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Florida’s Faux Rejection of Biden’s Green Infrastructure Dollars Didn’t Cost It Anything

Florida is still planning to spend federal funds without following the requirements of the law that allocated them.

Ron Desantis
Florida officials have postured against the Carbon Reduction Program, but the state is still taking its funds. Phil Sears/AP

Florida is waving off the federal requirements of President Joe Biden’s landmark infrastructure law while still spending the $320 million the legislation doles out for the state.

The federal government seems fine with it.

In November, the state’s transportation secretary said that Florida had decided “to not participate in the continued efforts” of the Carbon Reduction Program, a green infrastructure fund created by the 2021 Infrastructure Investment and Jobs Act (what the Biden administration touts as the Bipartisan Infrastructure Law).

The move came in response to a deadline to produce a carbon reduction strategy, one of the provisions of the law.

In the seven months since then, the Florida Department of Transportation has continued to spend down the roughly $320 million intended for the state through the program. An FDOT official told NOTUS that they don’t think funding will change as a result of the state agency’s refusal to produce the strategic plan.

Under the federal law, states can use carbon reduction funds from the federal program for projects like expanding truck stops, building bike lanes or improving intersections. Florida plans to use the money for these types of projects, although it is not calling them carbon reduction efforts.

Meanwhile, the Federal Highway Administration has approved and published the plans of all 49 other states for reducing transportation emissions. The agency told NOTUS that “a Carbon Reduction Strategy is not required in order to receive [Carbon Reduction Program] funding, which is apportioned to states by statutory formula.”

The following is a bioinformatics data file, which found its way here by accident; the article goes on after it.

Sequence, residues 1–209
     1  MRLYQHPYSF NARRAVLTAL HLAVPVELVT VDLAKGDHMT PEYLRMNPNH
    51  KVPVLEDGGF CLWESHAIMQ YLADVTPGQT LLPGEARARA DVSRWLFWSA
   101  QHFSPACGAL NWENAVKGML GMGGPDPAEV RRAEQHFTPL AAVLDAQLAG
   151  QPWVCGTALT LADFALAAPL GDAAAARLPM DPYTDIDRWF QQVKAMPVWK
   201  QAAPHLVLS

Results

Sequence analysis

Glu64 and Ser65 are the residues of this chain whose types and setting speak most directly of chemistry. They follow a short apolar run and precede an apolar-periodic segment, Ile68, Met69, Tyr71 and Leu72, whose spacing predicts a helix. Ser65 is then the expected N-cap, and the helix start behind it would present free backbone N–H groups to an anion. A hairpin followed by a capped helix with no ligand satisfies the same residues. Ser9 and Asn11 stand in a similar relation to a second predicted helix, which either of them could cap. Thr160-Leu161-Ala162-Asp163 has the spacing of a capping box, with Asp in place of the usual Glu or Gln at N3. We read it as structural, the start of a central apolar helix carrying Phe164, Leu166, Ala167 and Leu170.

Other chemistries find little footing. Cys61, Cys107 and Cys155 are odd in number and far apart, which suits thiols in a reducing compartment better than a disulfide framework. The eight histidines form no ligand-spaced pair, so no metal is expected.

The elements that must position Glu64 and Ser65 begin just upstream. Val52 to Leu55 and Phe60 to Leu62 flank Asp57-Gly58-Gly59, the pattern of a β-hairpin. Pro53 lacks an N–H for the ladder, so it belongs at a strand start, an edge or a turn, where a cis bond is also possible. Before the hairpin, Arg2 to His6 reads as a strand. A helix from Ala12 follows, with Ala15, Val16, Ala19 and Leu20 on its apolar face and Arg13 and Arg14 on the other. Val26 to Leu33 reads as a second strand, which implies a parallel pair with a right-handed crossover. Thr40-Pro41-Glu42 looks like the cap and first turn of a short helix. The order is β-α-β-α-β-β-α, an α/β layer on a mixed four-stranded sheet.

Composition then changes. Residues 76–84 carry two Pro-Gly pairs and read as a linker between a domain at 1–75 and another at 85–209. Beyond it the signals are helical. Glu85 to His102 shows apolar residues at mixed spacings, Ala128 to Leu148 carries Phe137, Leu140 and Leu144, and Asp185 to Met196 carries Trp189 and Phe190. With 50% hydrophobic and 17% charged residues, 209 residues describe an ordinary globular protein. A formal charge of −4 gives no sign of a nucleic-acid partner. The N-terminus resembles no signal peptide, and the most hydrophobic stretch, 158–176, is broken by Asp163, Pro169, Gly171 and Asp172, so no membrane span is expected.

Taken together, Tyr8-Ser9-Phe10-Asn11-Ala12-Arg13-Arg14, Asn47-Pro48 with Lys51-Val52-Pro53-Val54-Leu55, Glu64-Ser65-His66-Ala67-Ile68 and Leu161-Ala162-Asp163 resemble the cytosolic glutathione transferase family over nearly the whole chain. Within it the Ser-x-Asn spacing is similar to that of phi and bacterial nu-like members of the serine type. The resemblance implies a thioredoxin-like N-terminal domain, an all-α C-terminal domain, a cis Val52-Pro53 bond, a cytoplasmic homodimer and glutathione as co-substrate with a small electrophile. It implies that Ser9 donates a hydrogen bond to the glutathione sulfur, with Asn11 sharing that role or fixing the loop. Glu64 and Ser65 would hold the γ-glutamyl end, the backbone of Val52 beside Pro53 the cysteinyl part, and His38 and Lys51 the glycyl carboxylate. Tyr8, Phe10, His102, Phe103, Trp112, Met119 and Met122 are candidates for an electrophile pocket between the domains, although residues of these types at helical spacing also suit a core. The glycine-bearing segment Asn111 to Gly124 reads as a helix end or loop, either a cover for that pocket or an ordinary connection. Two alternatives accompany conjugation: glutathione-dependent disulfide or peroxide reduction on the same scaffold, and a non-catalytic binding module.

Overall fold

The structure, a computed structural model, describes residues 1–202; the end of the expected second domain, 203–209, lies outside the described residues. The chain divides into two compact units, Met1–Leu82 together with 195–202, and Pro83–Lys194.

Florida’s posturing against the program while still spending the funds could set a strange precedent of a state getting to pick and choose the parts of federal law it wants to comply with without facing any consequences.

“What the politics are sometimes in a state like Florida with [Gov. Ron] DeSantis and all these ideologues, they may be doing something that they call by a different name, but it actually checks the boxes of the law in order to draw the funds,” House Transportation Committee member Rep. Jared Huffman told NOTUS. He said that he was not aware of the specifics of the carbon reduction program’s implementation in Florida, but added, “I think if we’ve got a planning requirement, they’ve got to honor it.”

Florida’s refusal to produce an emissions reduction plan alongside receiving the funds — while continuing to use the money for projects that do just that, under the law’s definition — is also part of the state’s larger, ongoing fight with the Biden administration over the semantics of climate change.

In February, the state signed onto a lawsuit against the Biden administration’s emissions targets. In March, the Florida transportation secretary testified before Congress against Biden’s greenhouse gas reporting rules. And in May, DeSantis signed onto a bill that takes effect next month, ensuring climate change is not a priority in energy policy.

State spending plans show that, as far as the Carbon Reduction Program goes, Florida never actually intended to stop getting or using the funds, despite its public withdrawal and the ensuing media attention over the decision.

In May, the state told NOTUS it “does not foresee any funding changes tied to this decision,” adding, “We have a good working relationship with FHWA.”

Claire Heddles is a NOTUS reporter and an Allbritton Journalism Institute fellow.